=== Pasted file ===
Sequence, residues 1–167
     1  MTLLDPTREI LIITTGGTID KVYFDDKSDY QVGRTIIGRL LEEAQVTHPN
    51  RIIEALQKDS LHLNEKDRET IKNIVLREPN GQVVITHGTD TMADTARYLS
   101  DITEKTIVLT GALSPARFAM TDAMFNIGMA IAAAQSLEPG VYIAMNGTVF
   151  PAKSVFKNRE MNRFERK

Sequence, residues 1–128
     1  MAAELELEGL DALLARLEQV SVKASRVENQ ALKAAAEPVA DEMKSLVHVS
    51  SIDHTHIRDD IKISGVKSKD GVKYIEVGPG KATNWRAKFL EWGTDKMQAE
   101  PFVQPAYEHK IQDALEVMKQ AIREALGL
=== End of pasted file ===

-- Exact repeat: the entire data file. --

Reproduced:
Sequence, residues 1–167
     1  MTLLDPTREI LIITTGGTID KVYFDDKSDY QVGRTIIGRL LEEAQVTHPN
    51  RIIEALQKDS LHLNEKDRET IKNIVLREPN GQVVITHGTD TMADTARYLS
   101  DITEKTIVLT GALSPARFAM TDAMFNIGMA IAAAQSLEPG VYIAMNGTVF
   151  PAKSVFKNRE MNRFERK

Sequence, residues 1–128
     1  MAAELELEGL DALLARLEQV SVKASRVENQ ALKAAAEPVA DEMKSLVHVS
    51  SIDHTHIRDD IKISGVKSKD GVKYIEVGPG KATNWRAKFL EWGTDKMQAE
   101  PFVQPAYEHK IQDALEVMKQ AIREALGL